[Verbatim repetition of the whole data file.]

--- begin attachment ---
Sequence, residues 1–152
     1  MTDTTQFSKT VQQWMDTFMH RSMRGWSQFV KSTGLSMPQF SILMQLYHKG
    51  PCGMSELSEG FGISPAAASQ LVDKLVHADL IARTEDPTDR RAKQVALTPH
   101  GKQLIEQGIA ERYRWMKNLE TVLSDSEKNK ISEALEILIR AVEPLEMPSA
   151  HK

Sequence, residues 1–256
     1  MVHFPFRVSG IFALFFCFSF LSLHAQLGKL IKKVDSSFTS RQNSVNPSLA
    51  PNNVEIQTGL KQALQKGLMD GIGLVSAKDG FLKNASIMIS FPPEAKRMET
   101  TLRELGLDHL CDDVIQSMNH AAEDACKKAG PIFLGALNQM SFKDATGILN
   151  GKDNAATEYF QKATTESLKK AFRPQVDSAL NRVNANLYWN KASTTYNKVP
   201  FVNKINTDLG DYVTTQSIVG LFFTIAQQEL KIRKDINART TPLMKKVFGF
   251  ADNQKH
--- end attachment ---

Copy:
Sequence, residues 1–152
     1  MTDTTQFSKT VQQWMDTFMH RSMRGWSQFV KSTGLSMPQF SILMQLYHKG
    51  PCGMSELSEG FGISPAAASQ LVDKLVHADL IARTEDPTDR RAKQVALTPH
   101  GKQLIEQGIA ERYRWMKNLE TVLSDSEKNK ISEALEILIR AVEPLEMPSA
   151  HK

Sequence, residues 1–256
     1  MVHFPFRVSG IFALFFCFSF LSLHAQLGKL IKKVDSSFTS RQNSVNPSLA
    51  PNNVEIQTGL KQALQKGLMD GIGLVSAKDG FLKNASIMIS FPPEAKRMET
   101  TLRELGLDHL CDDVIQSMNH AAEDACKKAG PIFLGALNQM SFKDATGILN
   151  GKDNAATEYF QKATTESLKK AFRPQVDSAL NRVNANLYWN KASTTYNKVP
   201  FVNKINTDLG DYVTTQSIVG LFFTIAQQEL KIRKDINART TPLMKKVFGF
   251  ADNQKH